[News] Wall Street’s Secret Spy Center, Run for the 1% by NYPD

Anti-Imperialist News news at freedomarchives.org
Mon Feb 6 12:25:46 EST 2012

February 06, 2012

How 60 Minutes Blew the Story

Wall Street’s Secret Spy Center, Run for the 1% by NYPD


On September 25, 2011, just eight days after the 
Occupy Wall Street protests began in Zuccotti 
Park in lower Manhattan, the much acclaimed CBS 
News program, 60 Minutes, aired a fawning look at 
the thousands of surveillance cameras affixed to 
buildings and lampposts throughout New York 
City.  The cameras feed live images of people 
going about their everyday lives to a $150 
million computer center equipped with artificial 
intelligence to integrate and analyze the daily 
habits of what are, for the most part, law-abiding Americans.

The thrust of the 60 Minutes  program was the 
fine job of counter terrorism being done by the 
NYPD and its Commissioner, Raymond Kelly. It was 
a triumph in public relations for a police 
department about to go on an assault spree 
–  pepper spraying and punching  peaceful 
protestors;  kicking, ramming and arresting 
journalists attempting to cover the Occupy Wall Street demonstrations.

On air, the reporter, Scott Pelley, said the 
surveillance center was “housed in a secret 
location,”  as one would expect of a real counter 
terrorism program ­ as opposed to a program to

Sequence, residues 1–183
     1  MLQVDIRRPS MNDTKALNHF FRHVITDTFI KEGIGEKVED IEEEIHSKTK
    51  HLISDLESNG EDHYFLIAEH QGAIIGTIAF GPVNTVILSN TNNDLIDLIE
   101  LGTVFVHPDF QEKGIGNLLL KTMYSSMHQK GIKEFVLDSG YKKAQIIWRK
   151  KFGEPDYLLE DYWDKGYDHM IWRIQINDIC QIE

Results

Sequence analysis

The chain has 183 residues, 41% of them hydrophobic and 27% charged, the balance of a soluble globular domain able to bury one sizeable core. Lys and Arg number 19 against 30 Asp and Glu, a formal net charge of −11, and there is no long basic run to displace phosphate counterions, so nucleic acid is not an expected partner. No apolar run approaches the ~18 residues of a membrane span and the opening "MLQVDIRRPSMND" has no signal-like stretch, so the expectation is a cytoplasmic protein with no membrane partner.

simply quash dissent.  Mr. Pelley also said the 
program was run by the NYPD.  As it turns out, 
neither of those assertions were accurate.

The New York Times, the worldwide news agency 
Agence France-Presse (AFP), Wired Magazine, the 
New York City Council had all previously reported 
the location of the supposedly super secret 
counter terrorism  center on their public web 
sites: 55 Broadway in the bowels of the financial 
district.  What was a secret about the operation, 
and not reported by 60 Minutes to its viewers, 
despite being well aware of the facts, is that 
the center is jointly staffed and operated by the 
NYPD along with the largest Wall Street firms – 
the same firms under investigation in 50 states 
for mortgage and foreclosure fraud and widely 
credited with causing the Nation’s economic 
collapse.  The Wall Street firms that were